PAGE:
Personalized Publishing Advice: Where to Get It?
Blog reader Stefne Miller wrote me:
Part of the bonus of having an agent is the ability to sit down with someone and track a course for the writer’s career. The writer gets a professional opinion about what’s in their best interest and plans for the future can be made.
For someone like myself who wasn’t able to find an agent at the start of my writing career, I am at a moment in my journey where I need to figure out some long term plans. What’s possible? Is the platform I’m building and the work I’ve done enough to try the traditional route again? Should I even do that? What’s the best route to take? Should I change directions, or give up all together, etc? You get the idea. And while I can read a lot of blogs and do research on the internet, none of the information is going to speak to my situation specifically.
So, the question that many of us might have is: are there professionals out there that writers can hire to do the business/ career decision portion of an agents job? Are there people that, for a fee, will look over a writer’s work, experience, platform, awards, etc. and help determine where they are and what possible steps they should take? My goal is to find someone who knows what they’re doing and can objectively give me advice. Do you know anyone in the industry who offers this service?
Yes, there are publishing consultants and others who help writers. Many of them function as freelance editors in addition to general consulting, so you can start by looking at the websites of the freelance editors I list on my blog. (Click on Popular Posts above.) You can also start asking around – you can be sure many writers have worked with consultants. This is one of the reasons networking is so important! You might find a good recommendation.
There’s a difficulty with this, though. It’s hard to find someone you can trust to know what they’re talking about in a consultancy like this. You need to be satisfied that they have their finger on the pulse of the industry. Read their blogs and make sure you get a good feel for how savvy they are. (Anyone can call themselves a consultant, right?)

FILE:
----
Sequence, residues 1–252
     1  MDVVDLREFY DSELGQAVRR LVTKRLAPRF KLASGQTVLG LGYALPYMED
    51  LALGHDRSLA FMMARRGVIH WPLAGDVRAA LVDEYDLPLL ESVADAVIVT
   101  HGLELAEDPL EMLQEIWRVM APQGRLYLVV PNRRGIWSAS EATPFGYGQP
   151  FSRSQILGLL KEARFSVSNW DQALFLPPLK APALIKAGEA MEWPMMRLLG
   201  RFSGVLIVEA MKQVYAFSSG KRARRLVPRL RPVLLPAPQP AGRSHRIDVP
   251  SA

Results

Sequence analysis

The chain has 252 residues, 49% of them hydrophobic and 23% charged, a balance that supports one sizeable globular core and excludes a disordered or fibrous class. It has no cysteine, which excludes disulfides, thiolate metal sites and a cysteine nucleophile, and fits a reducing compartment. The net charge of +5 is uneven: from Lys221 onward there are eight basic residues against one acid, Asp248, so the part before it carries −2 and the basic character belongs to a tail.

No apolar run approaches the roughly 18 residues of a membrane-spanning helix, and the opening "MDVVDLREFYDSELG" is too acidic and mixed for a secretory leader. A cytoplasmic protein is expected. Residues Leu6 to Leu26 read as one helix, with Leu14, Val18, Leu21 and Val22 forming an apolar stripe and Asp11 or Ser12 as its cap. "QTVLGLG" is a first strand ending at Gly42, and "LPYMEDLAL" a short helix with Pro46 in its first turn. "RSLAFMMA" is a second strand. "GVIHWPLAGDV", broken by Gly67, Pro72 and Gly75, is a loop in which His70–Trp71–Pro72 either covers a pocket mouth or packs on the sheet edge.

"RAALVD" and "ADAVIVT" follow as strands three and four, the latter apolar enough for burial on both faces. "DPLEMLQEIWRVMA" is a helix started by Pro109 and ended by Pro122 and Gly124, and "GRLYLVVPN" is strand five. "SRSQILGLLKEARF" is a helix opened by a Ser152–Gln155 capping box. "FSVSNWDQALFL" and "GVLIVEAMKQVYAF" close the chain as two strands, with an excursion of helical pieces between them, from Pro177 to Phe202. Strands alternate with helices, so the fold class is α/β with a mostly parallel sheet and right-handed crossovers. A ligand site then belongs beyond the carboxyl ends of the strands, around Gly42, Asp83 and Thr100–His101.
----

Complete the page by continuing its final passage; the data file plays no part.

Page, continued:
An agent is able to give this kind of guidance for several reasons: Not only do they know the industry, but they know you and are familiar with what you want and where you want to go. In addition – and this is a big difference between an agent and a one-time consultant – an agent doesn’t get paid to simply give advice. Rather, they only get paid when you get paid. In other words, the agent’s own livelihood is tied to the quality of the advice they give you. So they’re highly motivated to seriously think through your options, your body of work, your platform and personality, and advise you in a direction that will lead to success.
However, an agent’s advice isn’t necessarily self-serving. I’ve advised several clients to take certain books to small indie publishers (very little money); I’ve advised others to take certain books to self-publishing (without my involvement, financial or otherwise.) I try to advise each client based on what their goals are, not on what will make me the most money.
In any case, be sure to do your homework before you hire a consultant! Make sure they not only know the industry, but they take seriously the need to get to know you and your body of work before giving you any advice.
Hope that helps!
Q4U: Writers, have you used anyone in a consultant role? How have you managed to get the guidance and advice you’ve needed so far?